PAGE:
Thursday, Apr 19, 2018
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New buildings to alter court landscape

The most significant changes this year among the area's courts, at least visibly, will be the construction of the new 6th District Court of Appeals building and the Lucas County Juvenile Justice Center.

Groundbreaking for the appeals court building is scheduled for the spring or summer, while the Juvenile Justice Center is slated for completion in January.


The appeals court building is scheduled to be completed within 18 months to two years after the groundbreaking, Judge Peter Handwork said.

It will be built at Spielbusch Avenue and Cherry Street, with its primary entrance facing the Civic Center Mall.

The new building will replace the court's offices in the former sheriff's residence next to the county jail. The judges and their staff have outgrown their quarters, Judge Handwork said.

The cost of the building is expected to be about $6.5 million. Each of the counties in the district - Lucas, Erie, Fulton, Huron, Ottawa, Sandusky, and Wood - will pay a share.

The initial design called for an L-shaped, three-story, granite-and-stucco building. The use of stucco has met some resistance, so other exteriors, such as brick and limestone, are being considered.

Judge Handwork said the building's design allows for the court to handle one or two more judges in the future if needed. It also provides more room for the court's mediation program.

Five judges sit on the appeals court, with three-judge panels ruling on individual cases. The appeals court handles criminal and civil cases brought by parties who are unhappy with the decisions rendered in the area's common pleas courts.

The court had 788 cases filed for its consideration in 1999. The judges heard arguments on 510 cases and decided 544 cases.


The juvenile division is moving closer this year to leaving the Family Court Center, which also houses the domestic relations division.

The Juvenile Justice Center, which will be located on Spielbusch across from U.S. District Court and the Lucas County jail, will contain 125 beds in its detention area, courtrooms, and court offices. The project's cost is about $24 million.

Before moving into its new quarters, the juvenile division will launch a Family Drug Court this year that is designed to help parents kick drug habits so families can stay together.

In the domestic relations division, 2,280 divorce cases were filed in 1999, compared with 2,306 in 1998. The number of divorces granted last year was 2,334, a drop from 2,535 in 1998.


A mediation program to resolve civil cases filed in Lucas County Common Pleas Court will get into full swing this year.

The program was launched in November with an $89,000 grant from the Ohio Supreme Court.

Jean Atkin, court administrator, said the Supreme Court's emphasis for mediation programs is designed to lessen the caseload for judges and help people reach more mutually satisfying resolutions.

"This process gets people together at an early time, " Ms. Atkin said.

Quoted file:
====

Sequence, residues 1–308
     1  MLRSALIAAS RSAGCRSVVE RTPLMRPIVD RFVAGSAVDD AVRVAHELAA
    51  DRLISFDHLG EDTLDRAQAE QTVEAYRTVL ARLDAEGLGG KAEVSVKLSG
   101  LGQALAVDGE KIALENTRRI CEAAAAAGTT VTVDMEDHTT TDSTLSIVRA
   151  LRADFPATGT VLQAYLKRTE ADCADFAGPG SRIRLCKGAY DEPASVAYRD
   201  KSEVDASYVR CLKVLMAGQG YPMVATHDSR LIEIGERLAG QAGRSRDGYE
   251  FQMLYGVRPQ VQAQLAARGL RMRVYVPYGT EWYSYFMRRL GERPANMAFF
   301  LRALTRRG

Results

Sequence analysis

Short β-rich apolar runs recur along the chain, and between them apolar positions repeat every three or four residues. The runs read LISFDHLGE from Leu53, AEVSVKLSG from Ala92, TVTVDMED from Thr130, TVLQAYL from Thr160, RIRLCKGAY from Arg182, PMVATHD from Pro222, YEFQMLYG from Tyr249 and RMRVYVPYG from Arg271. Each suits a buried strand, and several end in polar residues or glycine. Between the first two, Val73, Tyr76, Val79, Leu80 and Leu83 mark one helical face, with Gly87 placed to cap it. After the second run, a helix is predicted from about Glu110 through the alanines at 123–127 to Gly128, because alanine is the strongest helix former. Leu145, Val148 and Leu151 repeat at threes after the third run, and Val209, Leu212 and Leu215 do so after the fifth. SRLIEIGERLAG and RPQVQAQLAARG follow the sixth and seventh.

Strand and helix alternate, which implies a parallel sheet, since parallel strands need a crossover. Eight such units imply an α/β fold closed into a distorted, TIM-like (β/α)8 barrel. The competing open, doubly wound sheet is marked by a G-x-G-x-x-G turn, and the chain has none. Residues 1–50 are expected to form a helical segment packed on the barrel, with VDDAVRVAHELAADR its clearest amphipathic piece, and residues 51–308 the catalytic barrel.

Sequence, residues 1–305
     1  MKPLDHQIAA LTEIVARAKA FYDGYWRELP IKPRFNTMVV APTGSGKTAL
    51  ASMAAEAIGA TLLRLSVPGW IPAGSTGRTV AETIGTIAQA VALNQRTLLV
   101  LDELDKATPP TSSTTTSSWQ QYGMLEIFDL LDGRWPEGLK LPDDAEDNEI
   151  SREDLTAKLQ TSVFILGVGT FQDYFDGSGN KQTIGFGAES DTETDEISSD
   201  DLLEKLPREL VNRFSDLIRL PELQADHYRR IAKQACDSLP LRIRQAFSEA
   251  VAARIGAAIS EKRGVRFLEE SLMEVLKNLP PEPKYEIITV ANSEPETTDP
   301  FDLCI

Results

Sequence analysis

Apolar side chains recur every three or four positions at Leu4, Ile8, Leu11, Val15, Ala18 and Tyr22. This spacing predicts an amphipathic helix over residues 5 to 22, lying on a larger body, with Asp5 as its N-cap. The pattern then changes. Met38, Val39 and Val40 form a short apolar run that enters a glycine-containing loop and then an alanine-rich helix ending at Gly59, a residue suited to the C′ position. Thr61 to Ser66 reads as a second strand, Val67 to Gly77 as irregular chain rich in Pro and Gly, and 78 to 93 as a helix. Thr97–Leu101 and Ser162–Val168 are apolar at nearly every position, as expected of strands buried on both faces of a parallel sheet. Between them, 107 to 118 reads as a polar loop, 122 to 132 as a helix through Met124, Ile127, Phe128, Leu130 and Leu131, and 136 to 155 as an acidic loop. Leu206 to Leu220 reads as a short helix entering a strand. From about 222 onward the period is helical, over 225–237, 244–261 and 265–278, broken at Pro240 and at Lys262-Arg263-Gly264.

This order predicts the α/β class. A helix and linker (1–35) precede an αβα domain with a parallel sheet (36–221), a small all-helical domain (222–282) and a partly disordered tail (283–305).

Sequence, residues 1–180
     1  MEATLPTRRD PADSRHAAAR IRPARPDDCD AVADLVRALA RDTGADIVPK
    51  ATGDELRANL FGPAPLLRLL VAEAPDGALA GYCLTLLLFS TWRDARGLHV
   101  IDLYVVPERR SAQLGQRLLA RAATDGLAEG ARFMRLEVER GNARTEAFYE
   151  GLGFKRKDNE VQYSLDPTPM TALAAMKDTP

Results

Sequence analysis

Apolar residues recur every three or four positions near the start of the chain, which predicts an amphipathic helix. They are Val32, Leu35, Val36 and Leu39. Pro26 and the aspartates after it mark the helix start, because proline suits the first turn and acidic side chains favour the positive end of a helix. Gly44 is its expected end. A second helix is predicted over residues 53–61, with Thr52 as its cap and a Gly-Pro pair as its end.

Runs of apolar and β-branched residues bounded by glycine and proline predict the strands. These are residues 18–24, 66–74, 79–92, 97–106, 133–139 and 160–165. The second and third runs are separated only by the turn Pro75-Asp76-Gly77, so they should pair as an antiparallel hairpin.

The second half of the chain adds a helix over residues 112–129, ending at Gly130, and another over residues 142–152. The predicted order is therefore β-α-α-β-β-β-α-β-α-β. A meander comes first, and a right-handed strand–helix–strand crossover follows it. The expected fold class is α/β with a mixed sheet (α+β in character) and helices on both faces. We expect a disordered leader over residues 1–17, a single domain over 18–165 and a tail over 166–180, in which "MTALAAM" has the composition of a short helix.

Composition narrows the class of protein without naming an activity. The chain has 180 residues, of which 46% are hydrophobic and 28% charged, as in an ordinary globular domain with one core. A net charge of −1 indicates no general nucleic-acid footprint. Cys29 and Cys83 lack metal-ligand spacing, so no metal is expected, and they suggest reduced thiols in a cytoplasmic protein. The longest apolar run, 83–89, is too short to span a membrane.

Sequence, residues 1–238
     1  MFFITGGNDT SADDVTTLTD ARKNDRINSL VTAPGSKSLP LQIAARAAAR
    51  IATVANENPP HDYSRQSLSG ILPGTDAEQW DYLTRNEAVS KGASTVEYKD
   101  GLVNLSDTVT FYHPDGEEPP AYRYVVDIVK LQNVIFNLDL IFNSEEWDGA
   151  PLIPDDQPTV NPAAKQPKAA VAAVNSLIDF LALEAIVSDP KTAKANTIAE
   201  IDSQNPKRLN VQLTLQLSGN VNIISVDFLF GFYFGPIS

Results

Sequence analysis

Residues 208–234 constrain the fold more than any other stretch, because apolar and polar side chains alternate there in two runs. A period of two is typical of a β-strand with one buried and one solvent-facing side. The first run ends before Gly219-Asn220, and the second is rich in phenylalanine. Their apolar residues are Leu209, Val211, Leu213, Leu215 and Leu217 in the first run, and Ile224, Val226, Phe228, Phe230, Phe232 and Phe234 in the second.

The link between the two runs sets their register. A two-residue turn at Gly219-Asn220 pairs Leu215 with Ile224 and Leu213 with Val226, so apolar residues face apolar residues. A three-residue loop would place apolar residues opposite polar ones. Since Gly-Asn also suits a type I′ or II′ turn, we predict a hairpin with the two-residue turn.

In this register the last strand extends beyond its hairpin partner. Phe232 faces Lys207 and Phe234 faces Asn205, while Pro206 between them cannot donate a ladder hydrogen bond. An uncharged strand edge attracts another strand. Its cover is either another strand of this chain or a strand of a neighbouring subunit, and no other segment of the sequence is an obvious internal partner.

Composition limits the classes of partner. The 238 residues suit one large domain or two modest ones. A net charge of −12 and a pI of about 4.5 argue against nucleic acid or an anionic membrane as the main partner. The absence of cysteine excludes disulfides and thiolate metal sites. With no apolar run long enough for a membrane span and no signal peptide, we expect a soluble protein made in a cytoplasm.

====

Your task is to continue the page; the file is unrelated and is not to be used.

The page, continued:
She said the court's plan is to have the mediator screen 300 cases for the program this year.

Lightening the caseloads for the court's 10 judges is an omnipresent goal. In 1999, 5,133 civil cases were filed. In 1998, 4,823 cases were filed with the clerk.

The number of criminal cases filed fell in 1999 to 2,183 from 2,609 in 1998.


Joining the ranks of the Toledo Municipal Court's judges this year is C. Allen McConnell, who was elected housing court judge in November.

Judge McConnell, who had been an at-large Democratic Toledo councilman, replaces Judge Roger Weiher, who is retiring.

In an attempt to help Judge McConnell and his colleagues on the bench handle the always heavy caseload, Maggie Thurber, clerk of the Toledo Municipal Court, has added a new computer system.

The first phase of the system, which was implemented at the beginning of the year, is designed to speed up case-flow management and will replace handwritten journal books, said Allen Roy, Ms. Thurber's executive assistant.

Ms. Thurber said that her staff has been working on the computer system for two years.

The court had fewer criminal and traffic cases to handle last year, dropping from 109,279 in 1998 to 102,177 in 1999.

The clerk's office will spend part of this year trying to return $25,000 to people who posted bonds, but never picked up their cash after the resolution of their case.


Criminal filings fell in U.S. District Court from a record high of 146 in 1998 to 109 in 1999.

David Bauer, head of the local U.S. attorney's office, said filings are cyclical and he doesn't attach special significance to the drop in cases.

The court's civil filings didn't see a significant change, rising from 783 cases in 1998 to 795 in 1999.


The pace of cases filed in U.S. Bankruptcy Court in Toledo slowed from a record year in 1998.

In 1999, for the 21 counties covered by the local court, 5,365 cases were filed, down from 5,713 in 1998.

The 1999 total is still the third highest on record at the court.



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